That is one of the most ignorant statements I have ever read.
In our part of the world it is well known the presence of high levels of Radon as a gas in the ex – USSR apartment blocks as well as in the water, coupled with smoking are a fatal combination.
In some of these places eg. Leningradskaya obl there is a combination of both fallout from Chernobyl & high levels of ground uranium and thorium giving high levels of radon.
Lung cancer deaths are skyhigh in these regions.

richard verney
Reply to  pigs_in_space
January 5, 2019 11:47 pm

I think that the long term effects of radiation are not as severe as we currently consider to be the case, as is demonstrated by the two atom bomb dropped on Nagasaki and Hiroshima which subjected people (by which I mean those that survived more than five years) to extremely high levels of radiation.

Those areas relatively quickly returned to some form of normality, and whilst I am sceptical of studies, there are many studies suggesting that the incidents of cancers are no higher in those regions than in other regions.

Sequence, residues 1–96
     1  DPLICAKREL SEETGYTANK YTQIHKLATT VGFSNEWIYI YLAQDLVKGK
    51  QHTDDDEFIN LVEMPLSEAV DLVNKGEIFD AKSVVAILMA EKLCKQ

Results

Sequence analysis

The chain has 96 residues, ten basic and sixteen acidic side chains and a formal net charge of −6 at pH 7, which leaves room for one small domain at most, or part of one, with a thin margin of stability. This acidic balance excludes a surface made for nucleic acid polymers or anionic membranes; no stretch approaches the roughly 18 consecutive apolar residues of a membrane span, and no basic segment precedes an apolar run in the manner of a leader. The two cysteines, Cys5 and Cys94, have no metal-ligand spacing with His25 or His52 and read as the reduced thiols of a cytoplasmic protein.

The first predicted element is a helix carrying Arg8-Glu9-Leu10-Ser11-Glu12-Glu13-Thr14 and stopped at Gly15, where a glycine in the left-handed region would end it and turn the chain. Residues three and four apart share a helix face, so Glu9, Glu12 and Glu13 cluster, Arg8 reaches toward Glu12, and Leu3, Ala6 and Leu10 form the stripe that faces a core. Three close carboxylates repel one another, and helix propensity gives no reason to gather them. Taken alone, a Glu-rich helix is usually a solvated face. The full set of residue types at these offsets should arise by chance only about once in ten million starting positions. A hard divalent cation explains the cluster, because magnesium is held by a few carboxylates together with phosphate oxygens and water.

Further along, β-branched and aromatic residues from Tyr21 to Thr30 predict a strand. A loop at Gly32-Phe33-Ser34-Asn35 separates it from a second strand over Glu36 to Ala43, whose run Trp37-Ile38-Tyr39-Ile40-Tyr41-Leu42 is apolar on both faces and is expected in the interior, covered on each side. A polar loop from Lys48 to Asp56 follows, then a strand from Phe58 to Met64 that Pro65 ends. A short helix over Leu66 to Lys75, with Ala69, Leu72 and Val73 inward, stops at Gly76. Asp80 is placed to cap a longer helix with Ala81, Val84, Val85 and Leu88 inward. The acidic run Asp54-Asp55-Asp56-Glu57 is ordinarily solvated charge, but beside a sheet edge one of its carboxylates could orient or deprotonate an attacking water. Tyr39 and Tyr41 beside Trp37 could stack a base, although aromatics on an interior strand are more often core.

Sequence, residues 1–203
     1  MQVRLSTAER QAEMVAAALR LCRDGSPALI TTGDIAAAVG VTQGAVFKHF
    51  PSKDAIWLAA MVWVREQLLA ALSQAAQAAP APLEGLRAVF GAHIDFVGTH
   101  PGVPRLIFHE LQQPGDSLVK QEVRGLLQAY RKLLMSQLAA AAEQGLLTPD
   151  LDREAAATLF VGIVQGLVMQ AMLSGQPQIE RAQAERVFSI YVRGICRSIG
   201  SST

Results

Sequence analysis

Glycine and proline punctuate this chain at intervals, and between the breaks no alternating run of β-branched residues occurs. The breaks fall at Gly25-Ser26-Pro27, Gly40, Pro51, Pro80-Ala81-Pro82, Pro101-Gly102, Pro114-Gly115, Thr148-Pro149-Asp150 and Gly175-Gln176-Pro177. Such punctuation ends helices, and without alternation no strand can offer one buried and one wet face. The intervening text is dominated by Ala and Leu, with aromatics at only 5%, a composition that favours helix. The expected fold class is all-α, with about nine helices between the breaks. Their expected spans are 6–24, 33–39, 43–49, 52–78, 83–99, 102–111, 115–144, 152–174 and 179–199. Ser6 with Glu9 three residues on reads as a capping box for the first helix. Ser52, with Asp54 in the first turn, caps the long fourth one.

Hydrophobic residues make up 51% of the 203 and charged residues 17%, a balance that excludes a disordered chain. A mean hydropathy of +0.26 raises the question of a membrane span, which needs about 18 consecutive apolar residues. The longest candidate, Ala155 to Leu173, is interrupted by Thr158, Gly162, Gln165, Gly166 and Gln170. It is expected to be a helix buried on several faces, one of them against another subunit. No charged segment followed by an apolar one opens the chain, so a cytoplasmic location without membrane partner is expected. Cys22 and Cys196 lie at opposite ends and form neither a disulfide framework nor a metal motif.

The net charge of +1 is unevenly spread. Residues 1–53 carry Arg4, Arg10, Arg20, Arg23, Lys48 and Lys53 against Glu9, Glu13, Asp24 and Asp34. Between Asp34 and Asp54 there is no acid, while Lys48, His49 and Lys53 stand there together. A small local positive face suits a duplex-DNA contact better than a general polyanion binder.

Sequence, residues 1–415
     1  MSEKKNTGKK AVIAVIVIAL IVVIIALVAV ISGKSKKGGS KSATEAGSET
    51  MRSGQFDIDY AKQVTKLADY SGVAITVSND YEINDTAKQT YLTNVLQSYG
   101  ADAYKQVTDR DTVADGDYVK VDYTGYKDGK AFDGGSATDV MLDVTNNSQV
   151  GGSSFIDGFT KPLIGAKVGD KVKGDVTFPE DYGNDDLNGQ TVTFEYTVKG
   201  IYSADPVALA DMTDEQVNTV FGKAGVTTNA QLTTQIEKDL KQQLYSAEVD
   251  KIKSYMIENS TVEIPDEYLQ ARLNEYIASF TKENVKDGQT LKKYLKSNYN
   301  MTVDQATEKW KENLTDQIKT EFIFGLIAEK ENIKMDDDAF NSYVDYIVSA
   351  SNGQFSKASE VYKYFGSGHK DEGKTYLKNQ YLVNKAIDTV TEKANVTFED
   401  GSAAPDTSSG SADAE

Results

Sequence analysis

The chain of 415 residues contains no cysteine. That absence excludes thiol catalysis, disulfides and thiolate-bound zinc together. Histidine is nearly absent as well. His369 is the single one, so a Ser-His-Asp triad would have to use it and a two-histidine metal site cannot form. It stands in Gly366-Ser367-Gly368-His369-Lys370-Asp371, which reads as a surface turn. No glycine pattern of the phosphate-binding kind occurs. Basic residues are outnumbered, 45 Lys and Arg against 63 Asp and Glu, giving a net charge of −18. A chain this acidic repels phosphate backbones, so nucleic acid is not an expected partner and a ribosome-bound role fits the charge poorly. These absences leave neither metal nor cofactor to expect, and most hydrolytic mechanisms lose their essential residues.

What has happened in Chenobyl is that much of the land that has been cordoned off as unsafe for humans, has been reclaimed by nature, and is now flourishing now that man is not disturbing natural habitats. That said, I would not wish to voluntarily expose myself to risks by visiting such lands.

E J Zuiderwijk
January 4, 2019 3:05 am

The cost comparison looks like creative green accounting to me. CO2 emission costs? Variable costs? The site has a section praising the windpower in Poland which makes me wonder if it is run by a section of Greenpeace.


There is an english option on the home page.

Steve O
January 4, 2019 4:43 am

I have a cab that only costs 20c per mile to operate, which is less than half what a regular car costs. But it will stall out unexpectedly for hours at a time. To avoid stranding passengers I have another driver follow me in a regular cab wherever I go.

The car actually only runs 20% of the time, but I’m hoping to upgrade to another car that runs 40% of the time!

Reply to  Steve O
January 4, 2019 5:48 am

“Energy from weather” always sounds stupid when you apply the idea to other real-life areas.

AGW is not Science
Reply to  Steve O
January 4, 2019 12:42 pm

LMFAO Priceless analogy.

January 4, 2019 5:14 am

@davidmhoffer January 3, 2019 at 11:32 pm

Excellent comprehensive clear post.

Unfortunately the renewables lobby doesn’t want to hear it.

The idea that you can lower generating costs by substituting high cost intermittent and unreliable generation for low cost continuous and reliable generation is completely mad.